Save for education, no other state institution is studied more than the Iowa corrections system. Statistics are kept and studies are made on everything from the offenders' race, crime, drug use, and mental health. The state tracks the rate of recidivism and compares length of sentences today to the average stays from previous decades. And the state plots trends to determine the future needs for treatment programs and also prison bed space.
Today longer mandatory minimum prison terms are being served as offenders continue to enter the system. A study by the Iowa Department of Human Rights projects Iowa's prison population will increase from over 8,800 today to more than 9,700 by 2017.
There are efforts to place offenders in community-based corrections instead of prisons. However, the community based residential facilities are full and have a waiting list of over 800.
Nearly 1500 offenders live in one of 22 residential centers like this one in Ames. This center has 45 beds for men and women. Most live here for an average of 3 to 4 months -- either sentenced directly by a court or on parole from prison to serve in a work release program before re-entering mainstream society.
Bill Fliehler, Residential Manager, Curt Forbes Center, Ames: "We served, just with a 45 bed facility, approximately 175 clients a year. So those are clients that if a facility like this didn't exist, more than likely be in prison."
Life here isn't always a game of cards. Offenders are expected to find a job and "deal" with their "issues" -- which Residential Manager Bill Fliehler says can range from anger management to substance abuse to mental illness.
Fliehler: "Of the offenders that we do serve here, approximately 80 percent have substance, alcohol or drug problem, and that's a big issue. And we're seeing more mental illness up here, too."
Fliehler says it is most difficult to find treatment for offenders with a mental illness, because mental health services are not offered within the community corrections system and such are difficult to access in every community.
Fliehler: "We didn't see the criminal justice system involve itself years ago with mentally ill persons but because that treatment has gone away in the community, they, they've fallen through the cracks and once a mentally ill person involves themselves in the corrections system it just seems to spiral on them and they get, goes deeper and deeper for them. And many of them really don't need to be locked up if we could find adequate treatment for them in the community."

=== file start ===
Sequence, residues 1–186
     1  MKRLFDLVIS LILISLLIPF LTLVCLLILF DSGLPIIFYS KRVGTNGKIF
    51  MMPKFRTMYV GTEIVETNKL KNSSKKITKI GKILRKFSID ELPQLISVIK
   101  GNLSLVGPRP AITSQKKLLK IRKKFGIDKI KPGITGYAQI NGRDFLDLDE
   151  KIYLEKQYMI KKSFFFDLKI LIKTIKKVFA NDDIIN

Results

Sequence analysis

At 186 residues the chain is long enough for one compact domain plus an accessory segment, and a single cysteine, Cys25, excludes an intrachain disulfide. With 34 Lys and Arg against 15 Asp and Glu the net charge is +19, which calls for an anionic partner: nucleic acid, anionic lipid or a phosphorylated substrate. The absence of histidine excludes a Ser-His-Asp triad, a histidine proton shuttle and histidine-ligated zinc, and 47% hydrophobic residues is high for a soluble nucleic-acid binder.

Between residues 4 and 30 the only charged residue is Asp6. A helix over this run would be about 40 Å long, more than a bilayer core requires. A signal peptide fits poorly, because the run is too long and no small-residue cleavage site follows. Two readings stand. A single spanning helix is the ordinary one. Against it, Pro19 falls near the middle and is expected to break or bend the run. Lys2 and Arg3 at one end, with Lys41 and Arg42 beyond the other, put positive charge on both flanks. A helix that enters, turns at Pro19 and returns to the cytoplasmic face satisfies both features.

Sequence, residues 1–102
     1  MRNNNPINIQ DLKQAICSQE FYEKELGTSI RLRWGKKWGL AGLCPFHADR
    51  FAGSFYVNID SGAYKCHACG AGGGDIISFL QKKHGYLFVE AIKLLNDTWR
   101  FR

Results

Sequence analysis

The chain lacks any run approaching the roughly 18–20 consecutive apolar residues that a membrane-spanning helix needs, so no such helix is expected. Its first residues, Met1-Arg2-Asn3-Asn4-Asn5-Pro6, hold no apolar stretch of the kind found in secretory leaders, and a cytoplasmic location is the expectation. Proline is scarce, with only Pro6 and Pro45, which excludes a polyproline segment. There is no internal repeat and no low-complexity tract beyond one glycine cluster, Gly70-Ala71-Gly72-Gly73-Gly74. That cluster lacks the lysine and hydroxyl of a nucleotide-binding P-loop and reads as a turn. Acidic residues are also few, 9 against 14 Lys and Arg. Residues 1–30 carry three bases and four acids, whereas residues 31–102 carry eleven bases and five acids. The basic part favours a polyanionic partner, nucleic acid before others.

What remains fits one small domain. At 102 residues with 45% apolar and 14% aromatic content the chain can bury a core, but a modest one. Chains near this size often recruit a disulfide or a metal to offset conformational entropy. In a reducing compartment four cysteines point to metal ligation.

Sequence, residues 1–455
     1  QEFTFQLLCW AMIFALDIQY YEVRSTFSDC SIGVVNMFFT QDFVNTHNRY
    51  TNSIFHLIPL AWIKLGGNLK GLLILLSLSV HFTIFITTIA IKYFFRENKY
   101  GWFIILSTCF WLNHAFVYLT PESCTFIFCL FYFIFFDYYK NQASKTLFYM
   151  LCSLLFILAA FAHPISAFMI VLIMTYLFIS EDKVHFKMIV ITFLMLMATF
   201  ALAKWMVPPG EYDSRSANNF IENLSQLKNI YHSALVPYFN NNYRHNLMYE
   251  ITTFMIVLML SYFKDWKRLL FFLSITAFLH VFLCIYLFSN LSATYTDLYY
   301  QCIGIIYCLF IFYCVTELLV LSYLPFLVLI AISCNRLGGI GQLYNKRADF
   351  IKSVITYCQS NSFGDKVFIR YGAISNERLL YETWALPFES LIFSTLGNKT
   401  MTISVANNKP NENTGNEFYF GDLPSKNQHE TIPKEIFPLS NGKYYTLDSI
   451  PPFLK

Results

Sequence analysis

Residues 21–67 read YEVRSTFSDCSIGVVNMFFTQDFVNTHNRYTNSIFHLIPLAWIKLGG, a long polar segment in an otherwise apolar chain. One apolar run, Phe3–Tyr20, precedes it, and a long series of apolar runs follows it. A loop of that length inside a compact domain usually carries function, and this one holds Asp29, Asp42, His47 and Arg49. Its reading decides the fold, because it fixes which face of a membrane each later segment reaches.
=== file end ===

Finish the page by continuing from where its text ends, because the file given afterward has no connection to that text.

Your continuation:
Governor Chet Culver just may agree, offering his support of treatment programs during Tuesday's Condition of the State Address to the legislature.
Governor Chet Culver, Condition of the State Address, January 15, 2008: "In an effort to significantly reduce recidivism, we will invest more than ever before in substance abuse and mental health treatment."
Mike Graham, parolee, Ames: "In the long run, I've been through ten treatments."
Back at the correctional facility in Ames, resident Mike Graham notes that treatment programs don't always work.
Graham: "They sent me to treatment at a halfway house. Then I went to prison cuz I couldn't stay clean. I've been in Anamosa, Rockwell, Mount Pleasant, the whole tour of Iowa."
Graham has been in and out of the Iowa corrections system for 15 years. While he isn't exactly a Department of Corrections "poster child" for success … he does say -- that at the age of 38 -- he thinks he will make it on the outside this time.
Graham: "I'm getting one-on-one counseling which keeps me in balance with what I need to do. But you know I'd like to go to school, how do I go to school? I get paid $7.50 an hour."
Graham is inching his way back into society. He was released from this Ames residence on January 10. He is on parole until April, and then he will be free to make his own choices.
His move-out opened up one bed for one of the more than 800 offenders waiting to get in.